15 prebiotic-rich foods that you should include in your diet
You have heard of probiotics, right? They are living microorganisms that, when ingested in adequate amounts, provide benefits to our health.
Among these benefits are colonization of the intestine and protection of mucous membranes, preventing toxins, allergens, and harmful micro-organisms from being absorbed by our body.
In addition, probiotic bacteria are able to warn our immune system when it needs to take action, regulate inflammatory substances and still reduce the risk of developing some types of cancer.
Probiotics can be found in products such as yogurts and fermented milk that contain a higher rate of these microorganisms.
Prebiotics are substances derived from carbohydrates, mainly fibers, which we can not digest but which are the preferred foods of probiotic microorganisms. In this way, a prebiotic diet contributes to the maintenance of probiotics, allowing them to colonize our intestines and perform their functions.
In pharmacies and specialty stores, you will find a number of supplements – sometimes quite expensive – for a prebiotic diet. But know that you can find these substances in your day to day diet. Know the richest foods in prebiotics and add them to your plate:
1. Chicory root
Chicory root is known to taste similar to coffee but does not provide caffeine to those who consume it. About 47% of the fibers in these roots are composed of inulin, an insoluble food fiber that reaches the colon and feeds our intestinal flora.
Although it is mostly consumed in the form of tea made from its roots, the dandelion has in its leaves a good source of inulin. They can be eaten raw, in the form of salad, and help relieve constipation and improve the immune system.
Very popular in several dishes in our kitchen, garlic has 11% of its fibers composed by inulin and 6% composed of fructo-oligosaccharides, another prebiotic substance. This plant promotes the growth of bifidobacteria and hinders the reproduction of maleic micro-organisms.
Almost always together with garlic when preparing seasoning from day to day, the onion is also rich in inulin and fructooligosaccharides, two types of prebiotics. This vegetable helps to strengthen our immune system and facilitates digestion.
From the same family as garlic and onion, leek has 16% inulin-like fibers, which helps maintain the health of our intestinal microflora and facilitates the breakdown of fat. In addition, this vegetable is also a good source of vitamin K.
Offering about 2.5 grams of inulin every 100 grams, asparagus helps keep our probiotics and prevent certain cancers. In addition, this vegetable is also a good source of protein, with about 2 grams in that same amount.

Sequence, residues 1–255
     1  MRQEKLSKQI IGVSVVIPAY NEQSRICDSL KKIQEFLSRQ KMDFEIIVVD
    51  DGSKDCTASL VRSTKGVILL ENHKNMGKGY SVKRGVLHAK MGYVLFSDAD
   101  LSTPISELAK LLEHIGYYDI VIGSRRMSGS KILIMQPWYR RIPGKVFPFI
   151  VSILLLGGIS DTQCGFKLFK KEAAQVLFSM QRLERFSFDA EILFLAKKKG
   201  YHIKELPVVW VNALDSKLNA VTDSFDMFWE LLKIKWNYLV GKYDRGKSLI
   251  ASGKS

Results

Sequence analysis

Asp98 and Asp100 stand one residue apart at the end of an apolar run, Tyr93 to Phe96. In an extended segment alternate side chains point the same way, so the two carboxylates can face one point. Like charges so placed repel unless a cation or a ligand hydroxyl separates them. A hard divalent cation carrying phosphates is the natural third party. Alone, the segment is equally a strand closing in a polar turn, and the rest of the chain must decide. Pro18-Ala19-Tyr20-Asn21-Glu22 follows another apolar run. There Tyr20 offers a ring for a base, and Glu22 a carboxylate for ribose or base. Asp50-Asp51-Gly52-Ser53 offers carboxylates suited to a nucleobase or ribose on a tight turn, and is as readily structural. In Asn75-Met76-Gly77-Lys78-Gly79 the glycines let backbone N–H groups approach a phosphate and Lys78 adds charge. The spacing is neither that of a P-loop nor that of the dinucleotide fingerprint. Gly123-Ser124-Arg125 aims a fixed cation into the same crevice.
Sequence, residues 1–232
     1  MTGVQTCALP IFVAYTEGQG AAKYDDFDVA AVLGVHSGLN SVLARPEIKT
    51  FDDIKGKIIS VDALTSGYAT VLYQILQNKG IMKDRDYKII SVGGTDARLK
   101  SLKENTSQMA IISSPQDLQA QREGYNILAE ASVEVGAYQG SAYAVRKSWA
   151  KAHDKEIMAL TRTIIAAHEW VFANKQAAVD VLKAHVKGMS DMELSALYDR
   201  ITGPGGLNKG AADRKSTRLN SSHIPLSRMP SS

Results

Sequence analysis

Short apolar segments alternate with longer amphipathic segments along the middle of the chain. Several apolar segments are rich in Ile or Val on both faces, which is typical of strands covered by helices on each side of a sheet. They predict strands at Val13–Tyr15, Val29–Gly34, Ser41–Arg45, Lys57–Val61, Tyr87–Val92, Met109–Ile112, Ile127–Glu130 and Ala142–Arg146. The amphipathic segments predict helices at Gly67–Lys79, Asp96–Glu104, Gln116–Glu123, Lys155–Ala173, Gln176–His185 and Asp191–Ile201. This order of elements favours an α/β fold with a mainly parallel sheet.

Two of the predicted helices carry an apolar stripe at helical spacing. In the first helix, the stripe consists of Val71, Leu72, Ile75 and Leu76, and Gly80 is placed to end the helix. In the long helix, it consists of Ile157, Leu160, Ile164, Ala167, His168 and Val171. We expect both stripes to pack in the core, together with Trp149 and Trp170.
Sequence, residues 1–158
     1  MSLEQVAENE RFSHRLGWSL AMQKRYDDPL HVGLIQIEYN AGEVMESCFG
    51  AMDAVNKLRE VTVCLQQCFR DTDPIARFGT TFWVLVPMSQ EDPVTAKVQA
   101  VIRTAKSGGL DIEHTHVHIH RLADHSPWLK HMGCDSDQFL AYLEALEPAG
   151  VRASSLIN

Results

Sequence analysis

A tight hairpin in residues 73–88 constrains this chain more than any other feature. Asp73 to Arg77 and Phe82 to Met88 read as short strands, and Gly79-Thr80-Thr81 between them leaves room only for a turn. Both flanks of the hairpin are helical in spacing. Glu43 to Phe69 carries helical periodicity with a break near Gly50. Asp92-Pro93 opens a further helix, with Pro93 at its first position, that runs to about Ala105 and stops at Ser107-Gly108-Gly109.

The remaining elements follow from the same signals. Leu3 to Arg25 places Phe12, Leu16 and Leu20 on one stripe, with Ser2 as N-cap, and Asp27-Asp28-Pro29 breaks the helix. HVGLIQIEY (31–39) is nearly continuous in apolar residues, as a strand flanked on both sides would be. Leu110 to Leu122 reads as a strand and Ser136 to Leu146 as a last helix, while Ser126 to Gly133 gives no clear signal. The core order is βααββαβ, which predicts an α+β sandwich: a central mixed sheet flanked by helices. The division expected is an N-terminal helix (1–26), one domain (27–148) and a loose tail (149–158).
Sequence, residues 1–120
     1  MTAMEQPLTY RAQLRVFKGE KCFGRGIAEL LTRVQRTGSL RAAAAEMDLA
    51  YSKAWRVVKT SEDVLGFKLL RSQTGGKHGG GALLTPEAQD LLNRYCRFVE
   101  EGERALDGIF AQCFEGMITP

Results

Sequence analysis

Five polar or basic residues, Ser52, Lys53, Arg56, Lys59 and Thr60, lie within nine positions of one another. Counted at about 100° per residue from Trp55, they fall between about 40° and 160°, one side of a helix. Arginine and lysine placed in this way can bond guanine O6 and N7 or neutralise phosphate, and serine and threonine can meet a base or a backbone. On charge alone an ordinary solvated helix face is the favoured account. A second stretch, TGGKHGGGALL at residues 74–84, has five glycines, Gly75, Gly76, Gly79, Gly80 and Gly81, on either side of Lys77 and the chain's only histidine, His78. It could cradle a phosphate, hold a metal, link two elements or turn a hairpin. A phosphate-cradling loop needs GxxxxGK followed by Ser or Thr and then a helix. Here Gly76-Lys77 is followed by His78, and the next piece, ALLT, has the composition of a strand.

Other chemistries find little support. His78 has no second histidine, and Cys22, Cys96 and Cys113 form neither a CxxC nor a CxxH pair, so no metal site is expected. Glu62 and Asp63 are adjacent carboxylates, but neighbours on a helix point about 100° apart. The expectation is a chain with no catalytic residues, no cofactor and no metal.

Do you like bananas? If so, your probiotic micro-organisms are grateful! Although the banana itself has small amounts of insulin, the green banana is rich in starch resistant, which has prebiotic effects.
Famous for being a basic component of beer, barley provides 3 to 8 grams of beta-glucan per 100 grams of cereal. This substance is a prebiotic that promotes the growth of beneficial bacteria in the digestive tract, in addition to reducing the bad cholesterol (LDL) and the rate of glucose of the blood.
The oatmeals are rich in beta-glucan fiber, which favors the beneficial bacteria in our gut, improve glucose control in the blood and reduce the risk of the emergence of various types of cancer. In addition, oats increase the feeling of satiety.
Apples are rich in a fiber called pectin, which corresponds to approximately 50% of the total fiber of that fruit. Pectin is also an excellent food for probiotic microorganisms, as well as helping our body fight off harmful bacteria and lower blood cholesterol.
Are you a fan of chocolate? Well, know that the good bacteria in your gut are also! By the way, almost that: they really like it is cocoa, an excellent source of flavonols. These substances are beneficial for good bacteria, help lower bad cholesterol rates and still strengthen heart health.
Because it is rich in fiber, flaxseed helps to regulate peristaltic movements, lowers bad cholesterol and reduces the amount of fat that our body is able to digest and absorb. And, of course, these fibers do very well for probiotics.
The yacon, a source Andean tuber in that resembles the sweet potato is rich in prebiotic fibers such as fructooligosaccharides and inulin. These substances help our body absorb minerals, strengthen the immune system and regulate fats in the blood.
14. Wheat bran
The bran is a residue originated from wheat flour transformation that corresponds to the outer shell of the grain. Almost 70% of its fiber content corresponds to a special type called arabinoxylan oligosaccharide, which has a prebiotic effect on bifidobacteria.
Algae are not eaten very often outside of Japanese cuisine, but they are a very powerful prebiotic food. Its effects include benefits for reproduction of probiotic bacteria, blockage in the growth of harmful bacteria and the improvement of our immune system.
Now that you know all this, it’s time to lend a hand to probiotic bacteria and help them perform their functions in our gut because we only have to gain from it. And the best: all these are foods that you find in supermarkets or homes of natural products for much more prices than the prebiotic supplements sold in specialty stores.
Article by Akinbode Toluleke check up Twitter on taakinbode
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